You have no idea how HARD it’s been to come up with the words for this final entry about our venture.  As soon as I knew I was 1/2 hour from home, the constant high I had been feeling for 16 days began to wane, the level dropping with every click on the odometer.  I didn’t want to return to suburban life.  None of us really did, except maybe for Jack (and that’s only because he missed his friends).  We’d shared such an amazing experience, we weren’t ready to be thrown back into our day to day reality.  And I’m not even talking about the work or home grind.  I’m talking about the neighborhood grind, the “houses on top of each other” and “families pretending that they’re happy” grind.  Since we began pulling away from the usual several years ago, crossing over to the dark side, we’ve really noticed the vast amount of families that are just going with the flow, afraid to “break out” of the expected.  There’s too much fear in ruffling your spouse’s feathers, no suggestions of packing up and taking off without a game plan.  Oh, we have heard stories (first hand) from husbands suggesting to their wives that they do X,Y or Z, only to be met with a scowl and a stern warning to never bring it up again.  Wow.  So, you’re really not strong enough to stand up for yourself and how you feel?  You really are THAT afraid of your significant other?  Afraid to “start” something?  Are you THAT willing to just swallow your desires, shoving them into the closet for another 5, 10 years, maybe to be brought out after the kids go off to college?  Huh.  I’m not that willing nor do I want my husband to be, and it certainly is not a trait I plan to pass onto my son.  Why do you want to be together with someone you’re afraid of pissing off?  Why do you want to exist rather than take a chance on living?  If you can’t voice your desires for yourself and/or your family, then you’re in the wrong relationship.  Sorry, but it’s true.  Do you want to be that couple that, as soon as the kids are out of the house, goes their separate ways just because they were too afraid to be honest with each other?  I don’t know about you, but I’d rather grow WITH my spouse rather than grow apart.  Why not take that chance because, maybe, they may feel the same as you.  They may even be a little MORE afraid than you.  But together you can become a strong unit, forging ahead into an unknown direction.  And it’s okay to not know what you’re going to be doing EVERY SINGLE WEEKEND UNTIL CHRISTMAS!  I DARE you to leave a weekend or two open in October with the promise to try something new.  It can be anything, but it just has to be out of your comfort zone.  Change is imminent, constant.  Why not take charge of the change instead of letting others choose for you?  OF COURSE it’s scary!  OF COURSE you’re going to argue!  BUT SO WHAT!  You’re going to argue anyway, so why not argue about what you believe in- your family, yourselves, your future, your relationship.  Do you see yourself in any of what you just read?  I was once there but chose to stop drinking the Kool-Aid.  Are you going to put the glass down?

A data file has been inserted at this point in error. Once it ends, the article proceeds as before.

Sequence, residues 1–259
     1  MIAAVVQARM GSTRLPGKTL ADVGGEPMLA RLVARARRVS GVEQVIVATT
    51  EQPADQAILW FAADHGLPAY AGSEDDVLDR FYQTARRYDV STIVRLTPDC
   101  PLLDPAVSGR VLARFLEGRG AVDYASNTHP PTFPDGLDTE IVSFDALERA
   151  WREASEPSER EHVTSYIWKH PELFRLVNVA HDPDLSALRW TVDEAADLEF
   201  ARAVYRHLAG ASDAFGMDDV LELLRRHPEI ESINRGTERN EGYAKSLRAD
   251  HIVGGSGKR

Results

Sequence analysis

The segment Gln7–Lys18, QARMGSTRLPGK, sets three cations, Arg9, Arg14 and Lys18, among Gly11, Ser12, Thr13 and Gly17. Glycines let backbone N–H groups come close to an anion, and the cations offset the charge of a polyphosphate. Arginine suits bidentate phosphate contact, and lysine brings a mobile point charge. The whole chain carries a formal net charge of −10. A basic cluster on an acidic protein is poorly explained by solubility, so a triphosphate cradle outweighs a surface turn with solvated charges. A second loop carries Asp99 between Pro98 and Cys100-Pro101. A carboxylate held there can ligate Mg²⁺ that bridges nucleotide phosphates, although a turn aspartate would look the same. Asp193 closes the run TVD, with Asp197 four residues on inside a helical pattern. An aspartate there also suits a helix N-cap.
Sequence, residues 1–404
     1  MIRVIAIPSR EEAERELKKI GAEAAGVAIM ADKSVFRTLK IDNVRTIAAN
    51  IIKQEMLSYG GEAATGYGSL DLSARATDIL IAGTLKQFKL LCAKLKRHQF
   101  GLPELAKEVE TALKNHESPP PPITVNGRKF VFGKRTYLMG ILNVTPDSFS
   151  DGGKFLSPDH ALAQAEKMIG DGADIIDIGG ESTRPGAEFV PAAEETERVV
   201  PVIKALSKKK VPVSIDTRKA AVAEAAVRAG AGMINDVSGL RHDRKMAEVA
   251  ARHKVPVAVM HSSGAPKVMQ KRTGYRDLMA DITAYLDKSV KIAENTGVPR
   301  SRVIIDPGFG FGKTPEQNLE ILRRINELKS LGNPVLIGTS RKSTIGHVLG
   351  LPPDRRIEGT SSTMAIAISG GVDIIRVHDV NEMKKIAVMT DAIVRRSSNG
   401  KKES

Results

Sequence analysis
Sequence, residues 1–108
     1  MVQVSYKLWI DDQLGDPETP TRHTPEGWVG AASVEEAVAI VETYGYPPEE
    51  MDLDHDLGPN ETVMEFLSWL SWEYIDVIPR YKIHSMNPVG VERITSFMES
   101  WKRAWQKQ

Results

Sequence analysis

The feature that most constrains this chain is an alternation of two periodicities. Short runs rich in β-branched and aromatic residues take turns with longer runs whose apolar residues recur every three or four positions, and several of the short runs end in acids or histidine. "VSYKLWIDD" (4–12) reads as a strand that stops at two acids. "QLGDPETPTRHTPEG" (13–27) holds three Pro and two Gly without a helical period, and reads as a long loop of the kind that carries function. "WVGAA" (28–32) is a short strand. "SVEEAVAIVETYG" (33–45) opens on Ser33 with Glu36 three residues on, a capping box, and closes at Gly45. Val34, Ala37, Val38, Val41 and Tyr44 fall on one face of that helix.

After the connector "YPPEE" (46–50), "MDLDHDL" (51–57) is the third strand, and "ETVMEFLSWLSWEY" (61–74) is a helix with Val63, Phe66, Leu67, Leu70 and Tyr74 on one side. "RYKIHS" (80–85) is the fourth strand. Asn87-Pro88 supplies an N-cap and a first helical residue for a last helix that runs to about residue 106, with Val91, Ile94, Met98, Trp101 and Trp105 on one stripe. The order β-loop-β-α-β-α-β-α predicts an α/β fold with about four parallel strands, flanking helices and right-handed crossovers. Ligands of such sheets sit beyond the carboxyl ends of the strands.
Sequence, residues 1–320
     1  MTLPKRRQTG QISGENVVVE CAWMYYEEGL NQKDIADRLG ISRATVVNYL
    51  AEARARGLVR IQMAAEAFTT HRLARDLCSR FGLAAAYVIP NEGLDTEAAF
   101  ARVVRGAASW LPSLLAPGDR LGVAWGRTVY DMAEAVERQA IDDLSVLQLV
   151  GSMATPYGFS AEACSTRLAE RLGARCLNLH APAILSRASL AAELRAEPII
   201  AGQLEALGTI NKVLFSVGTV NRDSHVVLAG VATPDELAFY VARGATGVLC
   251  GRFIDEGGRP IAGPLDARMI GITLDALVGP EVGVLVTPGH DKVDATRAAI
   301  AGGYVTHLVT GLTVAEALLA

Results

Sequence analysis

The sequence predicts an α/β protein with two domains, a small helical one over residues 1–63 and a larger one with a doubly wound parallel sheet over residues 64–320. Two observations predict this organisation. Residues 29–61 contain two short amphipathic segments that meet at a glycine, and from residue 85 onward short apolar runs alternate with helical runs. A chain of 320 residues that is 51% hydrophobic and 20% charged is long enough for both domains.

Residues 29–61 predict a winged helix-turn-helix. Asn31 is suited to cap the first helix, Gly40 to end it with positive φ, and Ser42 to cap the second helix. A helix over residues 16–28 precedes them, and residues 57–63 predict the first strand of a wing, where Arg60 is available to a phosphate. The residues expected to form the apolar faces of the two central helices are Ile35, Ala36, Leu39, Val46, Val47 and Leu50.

So, back from my rant….yes, the trip was awesome!  Yes, we are going to do a long trip again next year.  On the books?  Hopefully Alaska, maybe Route 66.  We have plenty of options keeping us awake at night, so we’ll have to narrow it down soon and start saving and planning.  Again, it will take A LOT of work and extra hours, but it truly is worth it.  I promise.  Now put down the Kool Aid, pick up a Sierra Nevada and promise to take even the tiniest of steps forward.  Nothin’ but love.


After the clothes were washed, the bellies fed and the stuff sacks stuffed, we headed outta the Holiday Inn Express in Astoria, our sites set on Mt. Hood.  Where in Mt. Hood?  Not sure yet, but with the bikes full of clean undies, we were confident that it really didn’t matter where we rolled out our tents.  As long as we were camping, we were all giddy.

With only one stop, it took us less than 3 hours to reach Mt. Hood.  Unsure of where to camp, we checked in with the information center in Government Camp for some camping info.  Lake Trillium?  And they may only have a couple of spots left?  We’re outta here!  It was only about a mile or so down the highway.  Hmmmm.  This place looks a little familiar.  Could it be?  Hell ya, it could!  A little history for you…

When I was 6 months pregnant with Jack, Terry and I took a motorhome road trip to Seattle, making our way back south through Oregon.  We needed a place to park our ride for the night and practically tripped over this location.  We pulled in, hooked up and walked around the pathways, stumbling upon one of the most picturesque locales we’d ever seen.  Spanned before us was the snow covered peak of Mt. Hood, framed in a sea of green and sky of azure.  Awesome.  So guess where we just happened to almost trip over again?  You got it.